Table 1 shows the results of urinary acidification tests from the patients and controls. In normal controls, as expected, urine pH was low with NH4Cl loading and urine-to-blood pCO2 gradient was large with NaHCO3 loading. In disease controls, who had glomerulopathy or tubulointerstitial nephritis but without evidences of acidification defect, urine pH was below 5.3 during acidemia, which was induced by short-term NH4Cl loading, indicating intact distal acidification.
Eleven patients with hyperchloremic metabolic acidosis were diagnosed to have secretory-defect dRTA on the basis of urine pH >5.5 during acidemia, normokalemia or hypokalemia, and urine-to-blood pCO2 <25 mmHg during bicarbonaturia. Eight patients were hypokalemic, and the other three patients were normokalemic. The serum anion gap, calculated by Na+ − (Cl− + HCO3−), ranged from 4 to 10 mmol/L. The urine anion gap (Na+ + K+ − Cl−) was positive in all of the patients, which is suggestive of impaired urinary NH4+ excretion in the clinical setting of hyperchloremic metabolic acidosis (19,20). Even with NH4Cl loading, urinary NH4+ excretion was not so high as in the controls (Table 1). As expected, urine pH was above 5.5 during acidemia that was spontaneous or induced by short-term NH4Cl loading. Additionally, urine pH did not decrease after an oral administration of furosemide, confirming a defect in H+ secretion (21). Urine pCO2 measured after intravenous NaHCO3 loading did not increase normally, and the urine-to-blood pCO2 gradient was <25 mmHg when it was calculated under the condition of urine pH ≥7.5. Therefore, we concluded that our 11 patients had secretory-defect dRTA. However, in three patients, fractional excretion of bicarbonate was >15% with intravenous NaHCO3 loading. These patients seemed to have combined proximal and distal acidification defect.
Renal biopsy tissue was obtained from each patient, and immunohistochemistry was carried out using antibodies to H+-ATPase, AE1, carbonic anhydrase II, and Na+-K+-ATPase α1 subunit. Renal biopsy specimens from the disease controls were also used for comparison. We also examined three different normal tissue sections from nephrectomized kidneys for renal cell carcinoma (normal controls).
Figure 1 shows H+-ATPase immunohistochemistry in connecting tubule and cortical collecting duct from the normal controls, disease controls, and dRTA patients. In both normal controls and disease controls, the immunostaining of H+-ATPase was strongly positive on the apical membranes of α-intercalated cells. However, the secretory-defect dRTA patients revealed absolute decrease in immunostaining of H+-ATPase along the connecting tubule and collecting duct.
The H+-ATPase immunostaining was moderately positive in proximal tubule cells of disease controls and normal controls. Although most dRTA patients showed positive H+-ATPase immunostaining in proximal tubule, three dRTA patients had negative or trace H+-ATPase immunoreactivity in their proximal tubule cells (Figure 2). We could not find any significant correlation between the lack of proximal tubule H+-ATPase immunoreactivity and the presence of combined proximal acidification defect.
Figure 3 shows AE1 immunohistochemistry in collecting duct from the normal controls, disease controls, and dRTA patients. In both normal controls and disease controls, the immunostaining of AE1 was strongly positive on the basolateral membranes of α-intercalated cells. However, most of the secretory-defect dRTA patients revealed absolute decrease in immunostaining of AE1 along the connecting tubule and collecting duct.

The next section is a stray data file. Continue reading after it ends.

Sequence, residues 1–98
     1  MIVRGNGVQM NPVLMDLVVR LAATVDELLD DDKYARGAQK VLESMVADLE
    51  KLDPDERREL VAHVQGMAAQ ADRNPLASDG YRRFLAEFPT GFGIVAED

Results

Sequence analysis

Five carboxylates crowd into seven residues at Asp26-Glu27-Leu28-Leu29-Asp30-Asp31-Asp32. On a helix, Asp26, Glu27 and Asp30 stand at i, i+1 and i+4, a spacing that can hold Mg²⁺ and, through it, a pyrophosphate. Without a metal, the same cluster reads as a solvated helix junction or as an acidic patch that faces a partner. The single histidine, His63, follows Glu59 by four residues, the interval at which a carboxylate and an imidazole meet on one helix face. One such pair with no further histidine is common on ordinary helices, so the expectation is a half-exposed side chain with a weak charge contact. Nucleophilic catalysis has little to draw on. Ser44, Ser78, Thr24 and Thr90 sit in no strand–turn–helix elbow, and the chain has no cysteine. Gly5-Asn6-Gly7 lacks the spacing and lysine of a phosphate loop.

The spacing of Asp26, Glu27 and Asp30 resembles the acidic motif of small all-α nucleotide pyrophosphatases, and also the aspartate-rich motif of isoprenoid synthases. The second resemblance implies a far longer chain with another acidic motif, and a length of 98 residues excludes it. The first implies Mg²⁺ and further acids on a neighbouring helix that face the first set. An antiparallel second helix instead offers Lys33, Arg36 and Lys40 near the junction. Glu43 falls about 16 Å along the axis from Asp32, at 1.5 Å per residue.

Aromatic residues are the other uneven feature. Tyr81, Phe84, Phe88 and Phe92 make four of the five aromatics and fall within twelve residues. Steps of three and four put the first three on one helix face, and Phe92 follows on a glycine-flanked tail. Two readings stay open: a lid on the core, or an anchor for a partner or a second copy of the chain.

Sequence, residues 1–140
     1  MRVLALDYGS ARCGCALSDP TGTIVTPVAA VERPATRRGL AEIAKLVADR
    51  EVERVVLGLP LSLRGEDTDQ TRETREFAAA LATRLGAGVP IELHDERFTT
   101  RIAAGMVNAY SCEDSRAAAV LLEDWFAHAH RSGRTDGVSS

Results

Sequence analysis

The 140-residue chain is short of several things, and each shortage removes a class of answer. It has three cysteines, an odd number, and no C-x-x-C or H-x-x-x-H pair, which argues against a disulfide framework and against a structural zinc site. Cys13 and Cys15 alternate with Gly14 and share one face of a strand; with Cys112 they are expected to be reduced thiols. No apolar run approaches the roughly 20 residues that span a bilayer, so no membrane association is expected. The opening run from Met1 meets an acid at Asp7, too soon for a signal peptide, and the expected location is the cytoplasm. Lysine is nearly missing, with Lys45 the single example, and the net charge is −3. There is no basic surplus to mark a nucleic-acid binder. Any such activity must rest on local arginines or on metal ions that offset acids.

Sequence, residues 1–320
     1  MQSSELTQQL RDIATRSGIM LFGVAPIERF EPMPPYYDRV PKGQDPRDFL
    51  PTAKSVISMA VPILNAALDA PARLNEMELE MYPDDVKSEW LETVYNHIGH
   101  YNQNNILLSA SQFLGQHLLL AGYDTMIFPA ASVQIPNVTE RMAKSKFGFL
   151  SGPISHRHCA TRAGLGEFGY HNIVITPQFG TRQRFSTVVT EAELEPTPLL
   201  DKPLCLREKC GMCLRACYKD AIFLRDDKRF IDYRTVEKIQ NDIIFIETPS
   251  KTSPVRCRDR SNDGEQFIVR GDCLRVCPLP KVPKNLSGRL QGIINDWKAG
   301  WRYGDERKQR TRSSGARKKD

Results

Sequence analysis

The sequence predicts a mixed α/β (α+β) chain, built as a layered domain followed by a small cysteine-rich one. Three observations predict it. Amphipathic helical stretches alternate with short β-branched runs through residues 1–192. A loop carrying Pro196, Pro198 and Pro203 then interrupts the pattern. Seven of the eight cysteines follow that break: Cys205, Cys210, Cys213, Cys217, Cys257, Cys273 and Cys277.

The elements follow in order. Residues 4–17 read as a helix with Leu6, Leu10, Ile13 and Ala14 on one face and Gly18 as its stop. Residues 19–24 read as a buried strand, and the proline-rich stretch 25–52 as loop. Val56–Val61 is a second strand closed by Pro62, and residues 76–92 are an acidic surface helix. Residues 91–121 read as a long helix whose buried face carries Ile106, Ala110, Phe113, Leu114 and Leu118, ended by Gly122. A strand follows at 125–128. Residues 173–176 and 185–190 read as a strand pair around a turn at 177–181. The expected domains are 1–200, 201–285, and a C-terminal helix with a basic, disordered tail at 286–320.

Carbonic anhydrase II (CA II) is present in the intercalated cells to facilitate acid-base transport in the distal nephron. The CA II immunoreactivity was also markedly different between controls and secretory-defect dRTA patients (Figure 4). In both normal controls and disease controls, the immunostaining for CA II was strong in the intercalated cells of the connecting tubule and collecting duct. In the secretory-defect dRTA patients, however, immunostaining for CA II in the connecting tubule and collecting duct was markedly decreased in intensity.
We also tested Na+-K+-ATPase immunoreactivity in the kidney to verify whether the absence of H+-ATPase and AE1 immunostaining were specific findings or not. In intercalated cells, the Na+-K+-ATPase α1 subunit immunoreactivity in our wax sections was too weak to compare between the patients and controls. However, the Na+-K+-ATPase α1 subunit immunostaining was equally strong on the basolateral membranes of distal convoluted tubules and thick ascending limbs in the normal controls, disease controls and secretory-defect dRTA patients as well (Figure 5). Therefore, the lack of H+-ATPase and AE1 immunostaining was thought to be selective in secretory-defect dRTA.
Table 2 summarizes relative immunoreactivities of H+-ATPase, AE1, and Na+-K+-ATPase from the kidneys of normal controls, disease controls, and secretory-defect dRTA patients. The H+-ATPase immunoreactivity in α-intercalated cells was almost absent in all of the 11 patients with secretory-defect dRTA. Notably, more than half (7 of 11) of them were accompanied by negative AE1 immunoreactivity in α-intercalated cells.
We present here important structural-functional correlates through our immunohistochemical study of renal tissue using antibodies against H+-ATPase and AE1 in renal biopsy specimens from secretory-defect dRTA patients in whom careful physiologic studies were performed. It was concluded that functionally diagnosed secretory-defect dRTA may be caused by H+-ATPase (with or without AE1) defect in intercalated cells. Although there have been some case reports demonstrating the lack of H+-ATPase and/or AE1 in the collecting ducts of the patients with dRTA, we confirmed the absolute reduction of these acid-base transporters in our collection of secretory-defect dRTA patients. In addition, we demonstrated coexistence of H+-ATPase and AE1 defect in most of our secretory-defect dRTA patients.